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No mercy for consumers

Firms' tactics are one mark of a system that penalizes those who owe

http://www.boston.com/news/special/spotlight_debt/part1/page1.html

Dimanche is one of thousands of Massachusetts residents who have had their cars seized and lives upended by a pair of debt collection companies, Commonwealth Receivables Inc. of Watertown and Norfolk Financial Corp. of West Roxbury. Run by two brothers, one of whom was disbarred this year for his business practices, Norfolk and Commonwealth have become two of the state's most litigious and aggressive collectors, a Globe Spotlight Team investigation of the debt industry has found.

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If those 2 CA's are that bad- I saw MANY violations just in that article, why doesn't the FTC step in?

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Wholy crap. Have any of you read part two that came out today???

A judge told a debtor that was being sued by a CA in session to hand over her jewelry as collateral on the debt or be imprisoned! WTF?!

And judges are regularly threatening debtors with imprisonment if they fail to pay. This is nuts.

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It's free to register to read the rest of the article, but here's the piece about this judge !! :shock:

A 50-year-old mother and nursing student, Albertson stood before Judge Thomas Barrett in Brockton District Court on Feb. 7, called to account for a $438 oil bill that she believed, mistakenly, she had paid. She admits she had been sloppy about the matter, missing court dates twice, in the crush of family and school obligations. And after an initial court judgment against her, she sent a check to satisfy the debt, but stopped payment on it.

That made the plaintiff, Stanley Litchfield of Scudder Fuel, angry - and understandably so. The firm had waited more than a year to be paid. But even he was shocked at what the judge did that day.

''Take your rings off,'' Barrett said, according to the court's audio transcript of the hearing.

''All of my jewelry?'' Albertson replied in dismay. ''I can't give you my wedding ring.''

''Let me see it,'' Barrett said, ordering her to approach the bench and splay her hands before him. He then told her sternly to remove the other rings, including her diamond and amethyst engagement ring, and her earrings.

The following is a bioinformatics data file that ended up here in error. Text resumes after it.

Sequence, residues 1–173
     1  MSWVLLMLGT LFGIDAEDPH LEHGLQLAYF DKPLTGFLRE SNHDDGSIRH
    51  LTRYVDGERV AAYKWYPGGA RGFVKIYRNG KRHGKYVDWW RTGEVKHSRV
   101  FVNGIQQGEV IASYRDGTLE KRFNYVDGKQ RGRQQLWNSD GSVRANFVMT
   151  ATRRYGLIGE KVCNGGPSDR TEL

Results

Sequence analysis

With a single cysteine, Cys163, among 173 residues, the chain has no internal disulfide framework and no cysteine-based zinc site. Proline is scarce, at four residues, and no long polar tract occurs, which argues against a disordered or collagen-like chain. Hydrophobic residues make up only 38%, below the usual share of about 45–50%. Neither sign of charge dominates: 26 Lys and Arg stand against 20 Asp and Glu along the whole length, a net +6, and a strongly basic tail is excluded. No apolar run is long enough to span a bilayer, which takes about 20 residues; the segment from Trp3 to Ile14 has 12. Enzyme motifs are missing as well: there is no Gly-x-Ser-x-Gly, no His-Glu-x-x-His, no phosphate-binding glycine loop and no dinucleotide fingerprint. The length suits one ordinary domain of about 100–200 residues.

''Are you serious?'' Albertson asked, near tears.

''We'll hold them until the debt's paid,'' Barrett said. ''Either that or I'll incarcerate you. Do you want me to incarcerate you?''

Albertson handed over her jewelry, keeping only the thin gold band on her left ring finger. A bailiff sealed them in a plastic bag, where they would stay for a month.

I"m sorry, but that woman's jewelry was exempt from siezure !! Totally out of bounds !!

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OK, THIS is scary-- but the Globe is NOT telling all the facts here:

Marc Marcelin, a 53-year-old Haitian immigrant, didn't get to his relatives in time.

On the morning of Dec. 13, two constables arrived at Marcelin's home in Brockton. They handcuffed him and drove him to Quincy District Court, where he sat in the lock-up of one of the state's dingiest courthouses for nearly six hours. About 3 p.m., he was called before Judge Mark S. Coven.

''So, you haven't come up with the money?'' Coven asked.

Marcelin was being sued by Madeline Cordon of Randolph, for failing to do a contracting job. She had paid him $2,000 to put vinyl siding on her house. He did two days' work but then didn't return her calls for six days - facts that Marcelin, in an interview, did not dispute. Cordon sued him, and Marcelin twice failed to show up for court.